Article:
Best practice for returning objects

hope you’re having a good day.

I’m making a simple node.js api, and I wondered which of these is the most performant way to return a response.

I use this class for returning responses:

class Response {
    constructor(statusCode, error, data){
        this.status = statusCode;
        this.error = error; = data;

export default const handleResponse =  (statusCode = 200, error = '', data = {}) => {
    return new HandlerResponse(statusCode, error, data);

Sometimes I use it this way:

const response = handleResponse();

if(condition) {
    response.error = 'An error ocurred';
    response.status = 400;
    return response;
} else {
    response.error = 'Some other error';
    response.status = 404;
    return response;

And sometimes I use it like this:

if(condition) {
    return handleResponse(400, 'An error ocurred')
} else return handleResponse(404, 'Some other error')

Would be a difference between this two in performance? Which should I use?


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Method 1

The two implementations are almost the same

Both do the following;

  1. Allocate an object in memory
  2. Add a numerical property to the object
  3. Add a string to the object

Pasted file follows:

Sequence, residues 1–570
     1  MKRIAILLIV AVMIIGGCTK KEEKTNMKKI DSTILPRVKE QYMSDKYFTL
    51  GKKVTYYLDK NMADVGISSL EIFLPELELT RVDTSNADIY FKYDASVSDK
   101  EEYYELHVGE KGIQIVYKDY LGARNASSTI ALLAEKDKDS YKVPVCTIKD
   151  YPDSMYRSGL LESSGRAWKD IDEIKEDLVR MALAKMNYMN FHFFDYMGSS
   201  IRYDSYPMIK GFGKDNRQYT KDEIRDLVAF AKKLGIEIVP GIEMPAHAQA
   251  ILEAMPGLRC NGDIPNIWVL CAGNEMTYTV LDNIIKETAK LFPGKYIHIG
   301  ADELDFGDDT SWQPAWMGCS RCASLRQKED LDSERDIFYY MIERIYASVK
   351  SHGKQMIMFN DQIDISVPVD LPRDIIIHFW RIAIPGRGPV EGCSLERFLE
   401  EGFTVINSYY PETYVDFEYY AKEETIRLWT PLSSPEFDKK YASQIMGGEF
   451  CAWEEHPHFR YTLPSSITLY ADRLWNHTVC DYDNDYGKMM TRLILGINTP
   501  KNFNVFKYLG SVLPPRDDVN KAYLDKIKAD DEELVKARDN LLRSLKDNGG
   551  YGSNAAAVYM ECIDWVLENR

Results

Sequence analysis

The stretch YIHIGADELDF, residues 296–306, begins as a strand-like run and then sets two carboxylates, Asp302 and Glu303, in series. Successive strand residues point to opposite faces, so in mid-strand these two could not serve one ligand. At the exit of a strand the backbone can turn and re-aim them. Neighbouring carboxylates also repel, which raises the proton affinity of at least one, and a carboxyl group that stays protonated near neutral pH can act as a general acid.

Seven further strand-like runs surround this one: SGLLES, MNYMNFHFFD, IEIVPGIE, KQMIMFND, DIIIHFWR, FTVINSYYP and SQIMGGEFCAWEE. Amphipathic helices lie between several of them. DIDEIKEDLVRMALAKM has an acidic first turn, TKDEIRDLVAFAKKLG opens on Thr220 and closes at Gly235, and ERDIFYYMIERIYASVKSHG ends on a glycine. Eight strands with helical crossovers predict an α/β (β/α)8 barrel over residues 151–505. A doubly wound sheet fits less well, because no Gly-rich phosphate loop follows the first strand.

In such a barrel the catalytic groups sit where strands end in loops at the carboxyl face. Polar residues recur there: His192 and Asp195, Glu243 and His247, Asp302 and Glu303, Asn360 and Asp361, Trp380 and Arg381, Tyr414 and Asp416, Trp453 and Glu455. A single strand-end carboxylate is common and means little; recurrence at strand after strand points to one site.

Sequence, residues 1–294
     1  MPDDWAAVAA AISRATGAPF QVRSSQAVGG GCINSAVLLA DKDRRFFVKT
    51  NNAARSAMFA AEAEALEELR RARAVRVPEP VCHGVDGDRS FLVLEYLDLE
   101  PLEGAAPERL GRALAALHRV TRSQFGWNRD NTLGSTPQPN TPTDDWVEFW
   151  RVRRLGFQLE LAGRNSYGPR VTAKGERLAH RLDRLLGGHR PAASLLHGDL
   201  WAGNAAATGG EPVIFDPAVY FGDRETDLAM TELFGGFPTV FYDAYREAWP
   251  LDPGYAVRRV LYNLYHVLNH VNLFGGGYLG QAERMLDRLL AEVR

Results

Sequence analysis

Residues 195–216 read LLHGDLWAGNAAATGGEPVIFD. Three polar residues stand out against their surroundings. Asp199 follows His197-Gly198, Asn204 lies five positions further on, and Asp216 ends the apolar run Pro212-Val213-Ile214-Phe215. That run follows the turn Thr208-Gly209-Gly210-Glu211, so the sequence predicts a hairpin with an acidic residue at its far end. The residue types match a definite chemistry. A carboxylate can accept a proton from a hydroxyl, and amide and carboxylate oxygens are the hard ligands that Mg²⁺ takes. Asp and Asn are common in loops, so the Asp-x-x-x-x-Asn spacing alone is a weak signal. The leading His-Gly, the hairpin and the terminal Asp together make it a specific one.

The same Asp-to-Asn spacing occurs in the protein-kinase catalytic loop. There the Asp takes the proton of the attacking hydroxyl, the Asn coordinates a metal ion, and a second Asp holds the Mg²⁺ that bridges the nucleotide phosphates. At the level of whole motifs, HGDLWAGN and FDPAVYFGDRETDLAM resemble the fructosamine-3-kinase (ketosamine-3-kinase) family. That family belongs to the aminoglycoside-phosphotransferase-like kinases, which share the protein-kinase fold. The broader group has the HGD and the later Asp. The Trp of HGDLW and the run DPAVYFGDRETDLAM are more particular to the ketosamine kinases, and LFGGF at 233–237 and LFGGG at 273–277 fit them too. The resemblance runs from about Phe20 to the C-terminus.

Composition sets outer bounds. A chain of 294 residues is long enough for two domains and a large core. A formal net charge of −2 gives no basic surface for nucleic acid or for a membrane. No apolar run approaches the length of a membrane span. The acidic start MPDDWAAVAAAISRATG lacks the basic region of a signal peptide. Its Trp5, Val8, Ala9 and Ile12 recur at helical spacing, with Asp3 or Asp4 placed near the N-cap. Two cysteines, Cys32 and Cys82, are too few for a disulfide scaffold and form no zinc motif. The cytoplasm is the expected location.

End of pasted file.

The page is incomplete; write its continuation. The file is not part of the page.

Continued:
The only practical difference between the two is that the first option also allocates an empty object if you leave that parameter unspecified, whereas the second leaves that field undefined.

The only way to know which is faster is to test them both

To determine which of the two is faster, you would have to test them both. On one hand, the empty object (the optional “data” parameter) should theoretically slow the first implementation slightly. On the other hand, its possible the javascript engine might optimise the first one better because it doesn’t have a branch in the middle.

Method 2

The fact that the first implementation is allocating memory, is the less performant solution of the two. However, performance gains would not be realized between either implementation because of how negligible they would be. Javascript, like most popular languages, is extremely performant and so most of the time it’s best to focus on readability more than performance when it comes to determining the best implementation.

All methods was sourced from or, is licensed under cc by-sa 2.5, cc by-sa 3.0 and cc by-sa 4.0

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